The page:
At this point, the atoms of the reactants have a configuration of maximum energy of mutual repulsion. Two approximations are generally used for elucidating the mechanism of a complex reaction. These are
  1. Equilibrium approximation
  2. Steady state approximation

Equilibrium Approximation

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Consider a reaction in which reactant R changes to product, p through the formation of a series of consecutive intermediates, I1, I2, I3 ..........In, as follows.

k0 k1 k2                                       kn
Reactants $\to $ I1 $\to $ I2 $\to $ I3 $\to $ ...........................In $\to $ Products

The whole reaction sequence may be described in terms of a single coordinate composing the coordinates of the individual steps.

In order to derive the rate equation for the reaction, we assume that a rate determining step exists. This rate determining step is the slowest in a sequence of steps. It is further assumed that all the steps preceding the rate determining step are in equilibrium.

Steady State Approximation

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In cases where the reactants are investigated under such conditions that the slowest rate-determining step does not exist, one assumes the steady state approximation, for the transient, or short lived, intermediate species. In such mechanisms, as shown below.

k0 k1 k2 kn
Reactants $\to $ I1 $\to $ I2 $\to $ I3 $\to $ ........................... In $\to $ Products

The rate of formation of an intermediate is equal to the rate of its decomposition so that

$\frac{d[I1]}{dt}$ = $\frac{d[I2]}{dt}$ = 0

Steady state approximation is used to check the consistency of the rate law.

Steady State Approximation Depiction

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In the following reaction,

A + B $\overset{k_{1}}{\rightarrow}$ X slow step 1
A + B $\overset{k_{2}}{\rightarrow}$ C fast step 2

The intermediate X is very reactive. In such cases, the concentration of X does not build up significantly during the course of the reaction. This implies that,

k1[A] [B] = k2[X] [D] …… (37)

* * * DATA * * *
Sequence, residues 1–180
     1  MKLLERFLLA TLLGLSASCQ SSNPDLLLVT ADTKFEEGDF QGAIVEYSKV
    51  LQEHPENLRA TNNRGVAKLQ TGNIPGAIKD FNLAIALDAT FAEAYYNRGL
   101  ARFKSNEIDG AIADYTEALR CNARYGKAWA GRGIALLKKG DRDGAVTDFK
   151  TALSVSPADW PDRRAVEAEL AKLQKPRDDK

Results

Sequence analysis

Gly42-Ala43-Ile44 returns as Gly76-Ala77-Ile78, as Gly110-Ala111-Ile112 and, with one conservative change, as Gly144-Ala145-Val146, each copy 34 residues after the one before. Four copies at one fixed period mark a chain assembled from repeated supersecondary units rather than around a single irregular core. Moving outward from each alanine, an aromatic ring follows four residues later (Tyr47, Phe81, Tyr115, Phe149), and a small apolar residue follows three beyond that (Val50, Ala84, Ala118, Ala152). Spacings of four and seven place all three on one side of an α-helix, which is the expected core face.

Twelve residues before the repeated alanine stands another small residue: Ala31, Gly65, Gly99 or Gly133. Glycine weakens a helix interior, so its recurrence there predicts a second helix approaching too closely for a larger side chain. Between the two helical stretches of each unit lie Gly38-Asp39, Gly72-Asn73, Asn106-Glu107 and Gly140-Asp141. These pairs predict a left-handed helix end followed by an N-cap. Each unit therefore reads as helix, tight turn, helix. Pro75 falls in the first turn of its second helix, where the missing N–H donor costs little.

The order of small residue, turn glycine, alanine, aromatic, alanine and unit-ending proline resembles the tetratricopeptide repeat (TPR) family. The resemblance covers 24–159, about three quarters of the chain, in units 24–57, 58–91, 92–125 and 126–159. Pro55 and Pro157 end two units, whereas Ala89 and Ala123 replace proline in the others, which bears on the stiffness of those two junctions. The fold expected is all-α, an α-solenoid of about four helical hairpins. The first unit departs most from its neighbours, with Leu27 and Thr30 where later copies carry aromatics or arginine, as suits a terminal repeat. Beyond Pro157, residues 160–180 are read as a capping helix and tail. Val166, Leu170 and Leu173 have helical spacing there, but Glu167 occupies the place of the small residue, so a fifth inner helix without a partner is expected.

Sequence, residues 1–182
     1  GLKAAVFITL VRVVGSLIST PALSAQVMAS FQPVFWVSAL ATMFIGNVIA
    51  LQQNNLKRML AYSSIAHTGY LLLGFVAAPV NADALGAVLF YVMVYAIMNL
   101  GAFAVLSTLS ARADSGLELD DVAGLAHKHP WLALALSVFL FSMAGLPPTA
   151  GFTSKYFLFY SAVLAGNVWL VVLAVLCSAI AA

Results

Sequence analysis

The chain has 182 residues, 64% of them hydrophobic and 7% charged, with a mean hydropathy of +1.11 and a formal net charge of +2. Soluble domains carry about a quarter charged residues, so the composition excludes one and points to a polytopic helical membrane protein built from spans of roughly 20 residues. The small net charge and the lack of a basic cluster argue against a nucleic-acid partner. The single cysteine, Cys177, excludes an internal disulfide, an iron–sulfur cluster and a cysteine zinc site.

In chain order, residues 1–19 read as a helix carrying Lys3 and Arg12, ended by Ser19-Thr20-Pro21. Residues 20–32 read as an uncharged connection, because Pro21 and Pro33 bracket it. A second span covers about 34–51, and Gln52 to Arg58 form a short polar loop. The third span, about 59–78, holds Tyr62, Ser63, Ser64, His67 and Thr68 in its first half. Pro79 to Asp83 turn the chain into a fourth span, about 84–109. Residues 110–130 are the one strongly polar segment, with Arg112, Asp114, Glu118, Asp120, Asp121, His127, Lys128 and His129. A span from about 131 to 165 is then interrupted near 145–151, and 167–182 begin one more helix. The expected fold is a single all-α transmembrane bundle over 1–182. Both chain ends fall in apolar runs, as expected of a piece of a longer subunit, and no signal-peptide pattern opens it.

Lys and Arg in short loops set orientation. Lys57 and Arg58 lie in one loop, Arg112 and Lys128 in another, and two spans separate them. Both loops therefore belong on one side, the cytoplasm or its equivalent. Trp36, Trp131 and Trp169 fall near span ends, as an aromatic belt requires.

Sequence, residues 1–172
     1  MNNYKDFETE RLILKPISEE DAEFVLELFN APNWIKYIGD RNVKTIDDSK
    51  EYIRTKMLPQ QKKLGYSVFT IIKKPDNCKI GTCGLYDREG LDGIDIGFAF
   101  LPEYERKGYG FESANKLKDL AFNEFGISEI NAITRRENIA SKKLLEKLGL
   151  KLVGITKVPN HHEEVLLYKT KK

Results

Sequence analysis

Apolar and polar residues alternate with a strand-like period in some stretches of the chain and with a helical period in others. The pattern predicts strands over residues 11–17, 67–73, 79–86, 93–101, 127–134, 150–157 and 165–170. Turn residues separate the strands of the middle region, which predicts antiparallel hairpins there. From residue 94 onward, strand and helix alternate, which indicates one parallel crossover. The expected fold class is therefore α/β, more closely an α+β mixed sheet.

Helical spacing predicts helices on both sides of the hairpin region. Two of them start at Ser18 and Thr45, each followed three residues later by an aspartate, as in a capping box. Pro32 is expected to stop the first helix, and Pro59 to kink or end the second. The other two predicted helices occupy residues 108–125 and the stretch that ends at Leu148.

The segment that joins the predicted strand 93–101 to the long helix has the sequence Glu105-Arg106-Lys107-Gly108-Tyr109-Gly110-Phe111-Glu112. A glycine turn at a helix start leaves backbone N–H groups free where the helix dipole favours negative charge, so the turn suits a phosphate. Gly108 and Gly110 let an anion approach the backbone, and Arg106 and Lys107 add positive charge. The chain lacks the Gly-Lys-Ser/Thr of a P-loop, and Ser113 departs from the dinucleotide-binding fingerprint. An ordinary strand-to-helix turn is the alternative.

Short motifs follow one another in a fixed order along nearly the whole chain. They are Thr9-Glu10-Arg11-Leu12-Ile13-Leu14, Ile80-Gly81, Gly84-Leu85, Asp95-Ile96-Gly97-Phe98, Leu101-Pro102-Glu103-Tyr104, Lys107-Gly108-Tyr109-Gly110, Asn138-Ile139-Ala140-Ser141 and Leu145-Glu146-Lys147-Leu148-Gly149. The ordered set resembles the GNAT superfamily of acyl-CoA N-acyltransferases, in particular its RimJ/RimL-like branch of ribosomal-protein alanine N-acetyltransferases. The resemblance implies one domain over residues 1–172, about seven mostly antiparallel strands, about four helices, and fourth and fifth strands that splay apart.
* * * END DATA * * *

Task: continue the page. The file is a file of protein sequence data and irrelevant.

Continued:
or, the formation of C, given by $\frac{\mathrm{d}[C]}{\mathrm{d} x}$
$\frac{\mathrm{d}[C]}{\mathrm{d} x}$ = k1 [A][B] .....(38)

The basic assumption in steady-state approximation is that, the rate of change of the intermediate is almost zero,

$\left ( \frac{\mathrm{d}[X]}{\mathrm{d}{t}} \cong 0\right )$

Steady State Approximation Example

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Below are some problem.

Solved Example

Question: For the thermal decomposition of Ozone to oxygen, the following mechanism has been suggested.
O3 ⇔  O2  + O  
O3 + O →  2O2

Use the steady state approximation and other suitable approximations to account for observed rate law:

r = -k [O3]2 / [O2].

Ozone decomposes in steps 1 and 2 and is formed in step -1, the reverse step.

r = $\frac{d[O_3]}{dt}$  = -k1[O3]  + k-1[O2] [O] - k2 [O3][O]  --------------(1)
Using steady state approximation for O atom, which is an intermediate species, we have:

$\frac{d[O]}{dt}$  = k1[O3] - k-1[O2] [O] - k2 [O3][O]

Therefore, k1[O3]  = {k-1[O2] + k2 [O3]}[O]                   
 [O]  = $\frac{k_1[O_3]}{k_-1[O_2] + k_2 [O_3]}$
Substituting for [O] in the rate expression(1), we have:
r =  $\frac{ -k_1k_-1[O_2][O_3]  - k_1k_2[O_3]^2 + k_1k_-1[O_2][O_3] - k_1k_2[O_3]^2}{k_-1 [O_2] + k_2[O_3]}$
The first and the third terms in the numerator of this equation cancel and the second and fourth terms are added algebraically giving
r = - $\frac{2k_1k_2[O_3]^2}{k_-1[O_2] + k_2[O_3]}$
If we make further approximation that in the above equation, k-1[O2] ≥ k2[O3], then, the second term in the denominator is dropped to give

r =  - $\frac{2k_1k_2[O_3]^2}{k_-1[O_2]}$ = -k $\frac{[O_3]^2}{[O_2]}$

which agrees with the observed rate law if  k = 2k1k2 / k-1.